“Revising Revisions”

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Manuscript revisions are something I look forward to spending time on, rather than dreading. Maybe I’ve trained myself to realize your first or rough draft is not as hot as you think it is. It’s far from perfect and always needs a LOT of work.

I try to catch as many “mistakes” as I can before even showing my manuscripts to any of my critique partners or for-hire editors. Actually, it’s almost as a courtesy to them. Their time is valuable, plus I want to make sure they’re seeing my best work, even if it’s not a bona fide done product.

That brings up another side to revisions: revising your revisions. When I get suggestions back from my critiquers, I’m always excited to see what they have to say, see if it rings true with my vision, and then jump right into revising. Or is that, jump “write’ in! I love it, because revising manuscripts gets messy and is oh so fun. Maybe I just like marking up my stories with ink.

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One of my messy revisions on my manuscript.

A struggle usually ensues as I revise my revisions. Most of what my critique partners recommend is valid and I must therefore find a way to weave their suggestions into my revisions to make it a stronger story. It may mean more research or rethinking the beginning, ending, conflict, or all the above. But, it will be a better story once I add my spin to it.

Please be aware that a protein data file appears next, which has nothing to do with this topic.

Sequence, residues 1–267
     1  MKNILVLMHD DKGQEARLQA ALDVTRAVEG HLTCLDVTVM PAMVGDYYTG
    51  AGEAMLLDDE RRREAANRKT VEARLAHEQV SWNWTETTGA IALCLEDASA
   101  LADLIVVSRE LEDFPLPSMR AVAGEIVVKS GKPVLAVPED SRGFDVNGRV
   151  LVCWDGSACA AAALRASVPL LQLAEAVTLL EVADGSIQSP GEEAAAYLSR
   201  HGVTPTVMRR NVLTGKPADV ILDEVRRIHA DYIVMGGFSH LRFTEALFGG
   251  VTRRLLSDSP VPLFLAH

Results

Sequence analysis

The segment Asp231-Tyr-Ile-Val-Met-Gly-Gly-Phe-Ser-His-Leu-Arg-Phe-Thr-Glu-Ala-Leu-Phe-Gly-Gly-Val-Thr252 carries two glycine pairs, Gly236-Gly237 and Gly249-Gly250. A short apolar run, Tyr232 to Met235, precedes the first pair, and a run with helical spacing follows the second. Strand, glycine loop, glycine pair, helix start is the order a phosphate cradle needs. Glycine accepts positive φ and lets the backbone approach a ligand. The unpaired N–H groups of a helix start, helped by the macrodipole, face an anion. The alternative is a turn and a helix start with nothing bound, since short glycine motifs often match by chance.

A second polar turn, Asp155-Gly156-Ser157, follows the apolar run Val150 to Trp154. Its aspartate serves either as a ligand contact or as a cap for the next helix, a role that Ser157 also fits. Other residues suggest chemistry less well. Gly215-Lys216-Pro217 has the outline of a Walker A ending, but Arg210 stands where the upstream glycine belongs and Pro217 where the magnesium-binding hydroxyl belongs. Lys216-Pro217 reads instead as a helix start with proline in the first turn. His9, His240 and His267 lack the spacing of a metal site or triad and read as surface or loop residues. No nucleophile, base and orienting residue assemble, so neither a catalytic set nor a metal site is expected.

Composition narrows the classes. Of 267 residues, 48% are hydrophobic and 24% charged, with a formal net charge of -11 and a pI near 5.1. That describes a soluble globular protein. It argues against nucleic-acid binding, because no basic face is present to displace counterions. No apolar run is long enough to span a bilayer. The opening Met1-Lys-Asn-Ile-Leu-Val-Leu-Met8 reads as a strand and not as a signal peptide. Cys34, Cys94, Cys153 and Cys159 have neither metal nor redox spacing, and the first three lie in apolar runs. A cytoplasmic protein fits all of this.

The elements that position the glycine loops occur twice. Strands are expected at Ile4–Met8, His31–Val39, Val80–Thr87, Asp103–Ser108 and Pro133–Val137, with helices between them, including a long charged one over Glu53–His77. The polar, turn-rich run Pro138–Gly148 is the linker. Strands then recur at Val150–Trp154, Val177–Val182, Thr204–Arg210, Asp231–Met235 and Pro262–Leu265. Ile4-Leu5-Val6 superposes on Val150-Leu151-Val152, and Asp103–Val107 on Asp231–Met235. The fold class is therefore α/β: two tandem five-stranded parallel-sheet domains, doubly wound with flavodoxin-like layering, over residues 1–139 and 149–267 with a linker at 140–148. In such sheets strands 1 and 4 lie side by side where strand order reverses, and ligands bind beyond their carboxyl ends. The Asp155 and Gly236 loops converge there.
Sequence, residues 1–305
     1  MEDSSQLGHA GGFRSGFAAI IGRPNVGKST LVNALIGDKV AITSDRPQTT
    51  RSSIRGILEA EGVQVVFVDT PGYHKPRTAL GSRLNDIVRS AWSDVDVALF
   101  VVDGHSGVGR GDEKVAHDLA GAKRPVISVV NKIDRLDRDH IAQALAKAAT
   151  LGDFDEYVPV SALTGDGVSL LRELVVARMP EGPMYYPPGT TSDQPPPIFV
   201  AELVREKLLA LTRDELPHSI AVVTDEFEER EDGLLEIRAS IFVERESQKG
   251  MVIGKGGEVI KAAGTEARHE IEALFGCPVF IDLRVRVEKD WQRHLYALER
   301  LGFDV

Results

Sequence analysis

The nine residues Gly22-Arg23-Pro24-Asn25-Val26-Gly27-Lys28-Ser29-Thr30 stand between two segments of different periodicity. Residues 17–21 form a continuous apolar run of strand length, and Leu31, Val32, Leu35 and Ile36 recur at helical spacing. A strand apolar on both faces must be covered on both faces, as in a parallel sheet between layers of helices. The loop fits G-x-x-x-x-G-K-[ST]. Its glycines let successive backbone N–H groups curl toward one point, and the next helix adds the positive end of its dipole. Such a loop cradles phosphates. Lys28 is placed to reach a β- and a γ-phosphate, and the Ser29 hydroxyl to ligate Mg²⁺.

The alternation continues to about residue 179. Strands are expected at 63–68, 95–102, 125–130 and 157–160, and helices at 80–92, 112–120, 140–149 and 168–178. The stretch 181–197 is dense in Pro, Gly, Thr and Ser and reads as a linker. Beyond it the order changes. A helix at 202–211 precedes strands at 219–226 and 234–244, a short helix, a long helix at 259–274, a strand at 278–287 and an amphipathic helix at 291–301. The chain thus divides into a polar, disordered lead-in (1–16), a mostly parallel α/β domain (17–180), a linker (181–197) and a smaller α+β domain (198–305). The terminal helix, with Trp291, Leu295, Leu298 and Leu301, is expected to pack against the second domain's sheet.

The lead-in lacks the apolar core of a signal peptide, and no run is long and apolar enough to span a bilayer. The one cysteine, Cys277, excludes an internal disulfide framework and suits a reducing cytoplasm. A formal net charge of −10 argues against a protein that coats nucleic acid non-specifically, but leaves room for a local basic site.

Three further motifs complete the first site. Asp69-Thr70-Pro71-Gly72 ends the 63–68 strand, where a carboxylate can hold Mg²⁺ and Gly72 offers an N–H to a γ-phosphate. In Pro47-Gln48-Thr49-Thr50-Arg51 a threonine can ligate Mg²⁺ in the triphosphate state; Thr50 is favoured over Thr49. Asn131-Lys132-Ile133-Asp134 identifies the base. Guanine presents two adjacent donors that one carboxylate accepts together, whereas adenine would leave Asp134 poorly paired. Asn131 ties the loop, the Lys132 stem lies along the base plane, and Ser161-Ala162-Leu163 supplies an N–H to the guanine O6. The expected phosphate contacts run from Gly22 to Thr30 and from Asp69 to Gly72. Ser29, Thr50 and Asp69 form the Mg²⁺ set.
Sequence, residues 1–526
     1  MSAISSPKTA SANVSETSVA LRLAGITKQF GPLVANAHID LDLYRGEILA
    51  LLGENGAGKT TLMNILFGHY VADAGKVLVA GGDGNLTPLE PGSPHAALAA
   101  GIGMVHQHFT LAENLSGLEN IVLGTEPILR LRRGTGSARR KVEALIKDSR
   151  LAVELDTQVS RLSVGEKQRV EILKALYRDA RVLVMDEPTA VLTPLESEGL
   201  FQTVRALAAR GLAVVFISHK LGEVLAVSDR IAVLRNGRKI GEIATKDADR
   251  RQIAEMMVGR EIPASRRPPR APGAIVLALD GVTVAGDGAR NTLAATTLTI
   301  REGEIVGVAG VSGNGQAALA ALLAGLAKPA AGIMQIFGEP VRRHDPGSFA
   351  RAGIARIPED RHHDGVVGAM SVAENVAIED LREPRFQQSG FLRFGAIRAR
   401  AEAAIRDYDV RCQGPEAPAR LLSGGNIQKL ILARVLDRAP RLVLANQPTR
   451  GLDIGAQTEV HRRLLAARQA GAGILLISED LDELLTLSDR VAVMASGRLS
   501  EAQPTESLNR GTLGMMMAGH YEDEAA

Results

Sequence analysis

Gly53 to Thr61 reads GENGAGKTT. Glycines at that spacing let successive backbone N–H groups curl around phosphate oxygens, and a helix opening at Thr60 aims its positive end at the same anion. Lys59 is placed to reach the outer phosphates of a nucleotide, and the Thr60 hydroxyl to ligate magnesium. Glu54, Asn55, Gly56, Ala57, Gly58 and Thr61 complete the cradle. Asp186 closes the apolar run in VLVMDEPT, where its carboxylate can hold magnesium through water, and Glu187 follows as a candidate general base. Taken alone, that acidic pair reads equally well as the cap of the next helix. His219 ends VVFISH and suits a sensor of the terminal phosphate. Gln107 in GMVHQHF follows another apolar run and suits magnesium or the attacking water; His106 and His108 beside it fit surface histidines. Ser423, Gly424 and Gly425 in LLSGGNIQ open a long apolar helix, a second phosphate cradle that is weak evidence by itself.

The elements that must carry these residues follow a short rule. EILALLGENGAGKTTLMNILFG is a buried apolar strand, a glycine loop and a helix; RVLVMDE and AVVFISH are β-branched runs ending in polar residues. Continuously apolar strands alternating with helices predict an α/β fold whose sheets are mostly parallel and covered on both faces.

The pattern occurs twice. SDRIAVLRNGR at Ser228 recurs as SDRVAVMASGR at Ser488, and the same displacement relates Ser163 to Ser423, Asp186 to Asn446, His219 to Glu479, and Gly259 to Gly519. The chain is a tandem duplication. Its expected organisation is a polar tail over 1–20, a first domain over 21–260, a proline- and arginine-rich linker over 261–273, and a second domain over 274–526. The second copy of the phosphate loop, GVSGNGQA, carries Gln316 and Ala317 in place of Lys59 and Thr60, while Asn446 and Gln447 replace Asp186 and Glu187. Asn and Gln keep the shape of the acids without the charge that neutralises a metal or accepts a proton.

Beware, true revisions are hard work. They’re necessary and a must if you desire to be published. And keep in mind, once an agent and editor takes on your project, they’ll be sending you revision suggestions of their own!

You input: Do you enjoy or dread revising your manuscripts?

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5 thoughts on ““Revising Revisions”

  1. I love to revise and polish. It’s so much easier than looking at the blank pages ahead during that first draft. Revising brings a sense of accomplishment when you find a better way to say something. Although, I’m not sure I’ve ever done major changes, those might be a little scary…

    Liked by 1 person

    • You’re right, Marcia, there is that sense of accomplishment that comes with revising and polishing a manuscript. A blank page is quite daunting. While I’ve done major changes, I sometimes find it hard to shift my thinking about the story into a new direction. Thanks for your comments!

      Like

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